Is Roger Federer pulling a fast one by adding this week’s Rotterdam event to his schedule in order to get the No. 1 ranking and be the oldest player to hold it since the ATP rankings were introduced in 1973?
That’s the question, and the answer…of course he is.
Federer and Rafael Nadal, the current No. 1, were originally slated to resume tournament play in two weeks at ATP 500s in Dubai and Acapulco, respectively.
That would have given Nadal a chance to fend off Federer by possibly getting enough points in Acapulco to preserve his top position.
But there could be an irony here because if Nadal doesn’t reach the semifinals in Acapulco (he’s defending 300 points as runner-up), or doesn’t play at all, Federer would ascend to No. 1 regardless of how he did in Rotterdam (first opponent no. 116 Ruben Bemelmens on Wednesday) or Dubai in two weeks.
But if he somehow he failed to get to No. 1 in the next four weeks, Federer would likely have been stymied until the clay court season because he won both Indian Wells and Miami a year ago and would have a hard time gaining ground at those two events because he has (1000+1000) 2000 points to defend while Nadal only has (90+600) 690.
A second question is does Federer deserve the No. 1 ranking and the record for being the oldest player at 36 years, six months to hold the top spot, eclipsing Andre Agassi’s 33 years, four months in 2003?
The answer is… of course he does.
Since the beginning of 2017, Federer has won three of the five (three of the four he entered) Grand Slams while Nadal has won two of five. Over that period Federer’s match record is 59-5 while Nadal’s is 71-12, and he has won eight titles to six for his Spanish rival.
At the moment, the ATP Ranking points look like this:
That’s a difference of 155 points and Federer would get 180 points if he wins three rounds in Rotterdam and makes the semifinals. Potentially his quarter-final could be against his countryman Stan Wawrinka, which would add some spice to the accomplishment of getting the No. 1 ranking should he succeed.
Even if Federer doesn’t get to No. 1 between now and the end of the Indian Wells-Miami ‘Sunshine Double’ at the beginning of April, the clay court season would present another opportunity.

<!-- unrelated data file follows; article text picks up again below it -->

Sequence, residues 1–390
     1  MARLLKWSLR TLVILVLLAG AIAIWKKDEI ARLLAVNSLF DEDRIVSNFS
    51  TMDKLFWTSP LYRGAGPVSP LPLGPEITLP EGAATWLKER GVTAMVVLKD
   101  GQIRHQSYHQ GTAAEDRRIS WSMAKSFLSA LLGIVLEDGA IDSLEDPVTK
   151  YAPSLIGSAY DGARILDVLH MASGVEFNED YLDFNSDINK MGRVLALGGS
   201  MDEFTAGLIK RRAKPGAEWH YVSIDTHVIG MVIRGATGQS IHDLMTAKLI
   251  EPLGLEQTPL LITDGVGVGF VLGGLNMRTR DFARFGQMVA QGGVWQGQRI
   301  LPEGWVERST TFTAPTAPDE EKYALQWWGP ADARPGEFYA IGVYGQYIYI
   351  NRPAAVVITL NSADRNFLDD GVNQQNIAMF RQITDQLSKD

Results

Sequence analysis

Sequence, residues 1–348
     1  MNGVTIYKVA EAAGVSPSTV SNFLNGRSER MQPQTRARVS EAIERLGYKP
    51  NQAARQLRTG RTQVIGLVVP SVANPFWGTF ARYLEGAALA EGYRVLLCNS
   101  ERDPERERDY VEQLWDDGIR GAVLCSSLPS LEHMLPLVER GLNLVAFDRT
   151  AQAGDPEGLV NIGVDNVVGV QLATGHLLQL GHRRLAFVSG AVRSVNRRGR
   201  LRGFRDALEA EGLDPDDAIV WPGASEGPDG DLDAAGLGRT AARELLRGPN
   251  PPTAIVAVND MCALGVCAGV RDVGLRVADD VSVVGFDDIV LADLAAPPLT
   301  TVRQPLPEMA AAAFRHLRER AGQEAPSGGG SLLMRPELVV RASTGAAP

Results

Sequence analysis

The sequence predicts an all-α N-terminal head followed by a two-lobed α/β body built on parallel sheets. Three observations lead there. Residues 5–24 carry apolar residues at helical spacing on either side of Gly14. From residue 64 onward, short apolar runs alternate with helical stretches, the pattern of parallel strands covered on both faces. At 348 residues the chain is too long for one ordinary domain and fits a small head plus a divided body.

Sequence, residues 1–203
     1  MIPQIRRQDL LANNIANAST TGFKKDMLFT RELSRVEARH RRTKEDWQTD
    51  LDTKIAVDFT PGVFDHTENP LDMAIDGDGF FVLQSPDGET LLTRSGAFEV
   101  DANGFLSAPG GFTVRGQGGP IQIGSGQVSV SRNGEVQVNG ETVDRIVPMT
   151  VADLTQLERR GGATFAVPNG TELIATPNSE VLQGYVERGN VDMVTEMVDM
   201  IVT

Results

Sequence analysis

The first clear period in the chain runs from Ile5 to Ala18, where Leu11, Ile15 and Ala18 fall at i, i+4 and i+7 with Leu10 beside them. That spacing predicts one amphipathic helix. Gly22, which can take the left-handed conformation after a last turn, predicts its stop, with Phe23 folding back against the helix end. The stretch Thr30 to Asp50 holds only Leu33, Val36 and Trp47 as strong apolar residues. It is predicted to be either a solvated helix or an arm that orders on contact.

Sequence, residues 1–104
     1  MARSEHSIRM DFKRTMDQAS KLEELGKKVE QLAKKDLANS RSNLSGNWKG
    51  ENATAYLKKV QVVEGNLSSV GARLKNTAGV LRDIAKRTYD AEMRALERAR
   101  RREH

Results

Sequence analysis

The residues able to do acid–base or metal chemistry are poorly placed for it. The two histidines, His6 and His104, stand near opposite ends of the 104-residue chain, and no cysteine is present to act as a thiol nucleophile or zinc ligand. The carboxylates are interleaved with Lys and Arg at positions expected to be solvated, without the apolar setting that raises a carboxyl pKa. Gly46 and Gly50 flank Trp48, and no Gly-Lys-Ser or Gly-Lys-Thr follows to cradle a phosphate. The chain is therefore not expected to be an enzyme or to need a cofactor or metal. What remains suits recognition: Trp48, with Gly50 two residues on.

A year ago he didn’t play any clay-court events and therefore got zero points in the April-May-June period. Nadal, on the other hand, won four titles – Monte Carlo, Barcelona, Madrid and Roland Garros – accumulating, with a quarter-final in Rome, a grand total of 4,680 points.
If Nadal didn’t play well over the same period this year – or if he was unfit and couldn’t play – Federer stands a good chance of ascending to No. 1 at that time.
It seems very unlikely Federer will play any clay events this year. Two years ago, following his post-Australian Open arthroscopic, left-knee surgery, he felt something odd in his knee playing on clay and wound up pulling out of the 2016 French Open. Last year he skipped clay entirely and had a sensational rest of the season and start to 2017. Why would he risk clay again, especially because it gives him a nice break to be with his family and an opportunity to prepare for his most important time of the year – Wimbledon and the grass-court events leading into it?
On the subject of favourite tournaments, if the total amount of points Federer and Nadal have earned on their best surfaces – Federer grass and Nadal clay – are subtracted from their totals, here’s what their respective ATP rankings would be over the past 12 months:
And their points on the most neutral of surfaces – hard courts:
Nadal’s accomplishments should not be diminished. He had tremendous pressure to perform on clay last year and he did so by winning four big tournaments and reaching the quarter-finals in Rome – going a remarkable 24-1. Then winning the US Open (and Beijing), on a surface he has long complained about, was huge for him.
But it still feels like Federer has outdone him – particularly when the Swiss’ 4-0 head-to-head record in 2017 is factored into the equation.